‘RIB­BON OF AS­PHALT’

TCH proves to be ir­re­sistible for driv­ers, cy­clists, run­ners

The Guardian (Charlottetown) - - FRONT PAGE - BY COLIN PERKEL

The “Rib­bon of Steel” that binds Canada from coast to coast has re­ver­ber­ated through our col­lec­tive psy­che since the “Last Spike,” cel­e­brated in song, folk­lore and his­tory books.

But what of the “Rib­bon of As­phalt,” the now vi­tal 8,000-kilo­me­tre Trans-Canada High­way that has in so many ways re­placed its rail­way coun­ter­part in ty­ing one end of the coun­try to the other?

Once called “one of the ma­jor Cana­dian trans­porta­tion ac­com­plish­ments of the last cen­tury,” the high­way has proven an ir­re­sistible chal­lenge to driv­ers, cy­clists and run­ners — Terry Fox among them — who have over the years plied its gravel and pave­ment.

Of­fi­cially ap­proved by Par­lia­ment in 1949, for­mer prime min­is­ter John Diefen­baker would for­mally open the high­way — only about half of which was then paved — on Sept. 3, 1962. The cer­e­mony was held with the snow-capped Rock­ies in the back­ground at Rogers Pass, not far from where Sir Don­ald Smith had driven in the last spike for the CPR transcon­ti­nen­tal rail­way in 1885.

The high­way’s builders had faced mon­u­men­tal en­gi­neer­ing and con­struc­tion chal­lenges along the way. One of the most daunt­ing oc­curred at roughly the half-way point, a rugged 265-kilo­me­tre north-south stretch in On­tario along eastern Lake Su­pe­rior be­tween Wawa and Sault Ste Marie.

For years, the ul­tra-hard rock, mul­ti­ple river gorges and deep muskegs had proven in­sur­mount­able ob­sta­cles some feared could never be over­come. It would take some fancy foot­work in what came to be known as “Op­er­a­tion Michipoten” to help fill in “The Gap” and com­plete the fi­nal crit­i­cal part of the rout­ing.

Dur­ing the De­pres­sion, hun­dreds of men had earned 15 cents a day to build about 110 kilo­me­tres of road north of Sault Ste. Marie, tough work that con­sci­en­tious ob­jec­tors later took on dur­ing the Sec­ond World War. But con­struc­tion had hit a granite wall, much to the cha­grin of the res­i­dents of Wawa. Get­ting out of the town meant get­ting on a steam­boat or train.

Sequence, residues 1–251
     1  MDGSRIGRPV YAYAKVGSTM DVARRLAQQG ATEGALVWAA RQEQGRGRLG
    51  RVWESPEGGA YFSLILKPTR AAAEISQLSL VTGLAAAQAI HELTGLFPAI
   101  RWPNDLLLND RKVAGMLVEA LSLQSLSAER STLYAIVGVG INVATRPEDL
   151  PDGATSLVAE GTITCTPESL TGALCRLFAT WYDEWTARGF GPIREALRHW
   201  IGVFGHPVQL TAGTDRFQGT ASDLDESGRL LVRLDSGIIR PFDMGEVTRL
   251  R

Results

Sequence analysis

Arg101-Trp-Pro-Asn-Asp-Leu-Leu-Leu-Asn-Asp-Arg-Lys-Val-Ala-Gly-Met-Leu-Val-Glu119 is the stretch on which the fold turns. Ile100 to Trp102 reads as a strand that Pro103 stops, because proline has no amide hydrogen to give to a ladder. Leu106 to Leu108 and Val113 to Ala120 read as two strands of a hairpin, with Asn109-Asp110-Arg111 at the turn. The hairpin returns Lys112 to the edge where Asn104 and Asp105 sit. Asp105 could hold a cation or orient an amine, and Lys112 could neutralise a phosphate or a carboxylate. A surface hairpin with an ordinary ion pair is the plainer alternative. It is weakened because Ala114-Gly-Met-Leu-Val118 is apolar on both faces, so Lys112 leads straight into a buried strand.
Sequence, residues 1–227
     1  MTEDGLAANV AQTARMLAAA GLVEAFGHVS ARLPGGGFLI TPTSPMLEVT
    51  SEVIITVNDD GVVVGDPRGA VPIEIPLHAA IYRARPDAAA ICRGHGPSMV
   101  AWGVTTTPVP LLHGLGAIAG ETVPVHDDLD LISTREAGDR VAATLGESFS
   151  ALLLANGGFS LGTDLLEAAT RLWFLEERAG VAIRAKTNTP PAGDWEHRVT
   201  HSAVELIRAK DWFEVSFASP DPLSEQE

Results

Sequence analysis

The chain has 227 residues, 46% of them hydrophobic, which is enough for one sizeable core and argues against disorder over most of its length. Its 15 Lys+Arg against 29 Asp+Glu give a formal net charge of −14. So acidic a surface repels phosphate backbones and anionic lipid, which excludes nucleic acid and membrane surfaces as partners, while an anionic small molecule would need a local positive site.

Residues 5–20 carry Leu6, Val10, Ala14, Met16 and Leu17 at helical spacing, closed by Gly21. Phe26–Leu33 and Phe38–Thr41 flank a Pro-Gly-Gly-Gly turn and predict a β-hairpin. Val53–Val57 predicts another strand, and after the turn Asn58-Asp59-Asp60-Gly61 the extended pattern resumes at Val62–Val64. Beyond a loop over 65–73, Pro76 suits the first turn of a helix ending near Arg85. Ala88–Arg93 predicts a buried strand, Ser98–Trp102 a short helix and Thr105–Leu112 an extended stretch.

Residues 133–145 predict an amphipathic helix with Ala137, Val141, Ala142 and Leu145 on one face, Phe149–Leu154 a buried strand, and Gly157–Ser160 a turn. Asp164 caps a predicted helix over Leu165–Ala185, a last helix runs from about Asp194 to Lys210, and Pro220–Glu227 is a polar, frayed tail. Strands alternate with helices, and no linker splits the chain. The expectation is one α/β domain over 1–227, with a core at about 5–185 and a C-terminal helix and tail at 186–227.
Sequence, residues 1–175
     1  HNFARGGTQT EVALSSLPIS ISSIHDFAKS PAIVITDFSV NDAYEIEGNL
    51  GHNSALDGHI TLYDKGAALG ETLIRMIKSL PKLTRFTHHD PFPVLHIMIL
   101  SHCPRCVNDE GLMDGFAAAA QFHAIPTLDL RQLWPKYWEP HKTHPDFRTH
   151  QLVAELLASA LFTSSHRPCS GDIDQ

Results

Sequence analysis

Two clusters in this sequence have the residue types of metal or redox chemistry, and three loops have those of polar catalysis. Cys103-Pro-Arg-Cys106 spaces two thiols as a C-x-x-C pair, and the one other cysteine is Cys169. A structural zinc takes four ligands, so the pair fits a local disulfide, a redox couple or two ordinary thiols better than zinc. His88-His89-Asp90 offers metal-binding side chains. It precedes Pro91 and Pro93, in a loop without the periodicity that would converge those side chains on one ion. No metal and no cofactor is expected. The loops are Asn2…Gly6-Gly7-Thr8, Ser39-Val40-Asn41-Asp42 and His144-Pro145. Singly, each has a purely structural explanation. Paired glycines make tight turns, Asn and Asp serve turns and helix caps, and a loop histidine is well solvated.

“Af­ter the Sec­ond World War, Canada was boom­ing. Ev­ery­where was boom­ing. And Wawa felt like it was stuck in a re­mote lit­tle cor­ner of north­ern On­tario,” his­to­rian Jo­hanna Rowe said in a re­cent in­ter­view. “For years, politi­cians promised that we’ll build the high­way. It just seemed to take for­ever.”

As the story goes, frus­trated Wawa res­i­dents fi­nally had enough of empty politi­cian prom­ises to com­plete the stretch of the Trans-Canada that tra­verses the Agawa River Val­ley be­tween their town and Sault Ste. Marie, Ont. In 1951, Al Tur­cott, a lo­cal busi­ness­man and en­tre­pre­neur, de­vised a plan to fo­cus at­ten­tion on the need to close the 20-year-old “Gap.”

Tur­cott re­cruited four men to walk the 72 kilo­me­tres or so from the town to Mon­treal River, then the end point of the high­way, with a plan to hype al­most ev­ery step of their jour­ney. Sens­ing some fun to be had, a teenage Ed Ny­man quit his job at the mine to join the group that would go down in his­tory as the “Wawa Four.”

“Soon as I heard about it, I knew I wanted to do it,” Ny­man, 86, said in an in­ter­view in his Wawa liv­in­groom. “I was young. I didn’t care about work or any­thing like that.”

‘We were told to walk slow’ Tur­cott, who had po­lit­i­cal and me­dia con­nec­tions, wanted to milk the hike for all it was worth, and his instructions to the men were clear:

“We were told to walk slow, so Mr. Tur­cott could get it in the news­pa­pers, get a bunch of baloney about it,” Ny­man said with a chuckle. “There was no road. Just bush. Noth­ing. Ab­so­lutely noth­ing.”

Ny­man, the youngest of the group; Derek Baker, a news­pa­per reporter who had just fin­ished a four-year stint with the Bri­tish Navy; Paul Vil­leneuve, a vet­eran prospec­tor and trap­per; and Ge­orge Kim­ball, whose fore­bears had helped build the North, were all ex­pe­ri­enced in the bush. They car­ried sleep­ing bags and other sup­plies — in­clud­ing a bulky ra­dio that some­times worked — and set out on their now leg­endary trek.

The men fol­lowed an old sur­vey line as they am­bled on. At times, a float plane would drop sup­plies on nearby lakes. They pressed through the bush, fished or snoozed. They pre­tended to get lost. They waded across Old Woman River. What might other­wise have been a two- or three-day hike had stretched to 17 days by the time the in­trepid four reached the wooden bridge at Mon­treal River to be greeted as some­thing of he­roes by politi­cians and re­porters.

From there, they were driven to a gala din­ner in Sault Ste. Marie, where the politi­cos in at­ten­dance re­peated prom­ises to get the road built. Ny­man was flown back home.

“For me, it didn’t amount to much,” he said non­cha­lantly while thumb­ing through old black-and-white pho­to­graphs, as if still per­plexed by it all.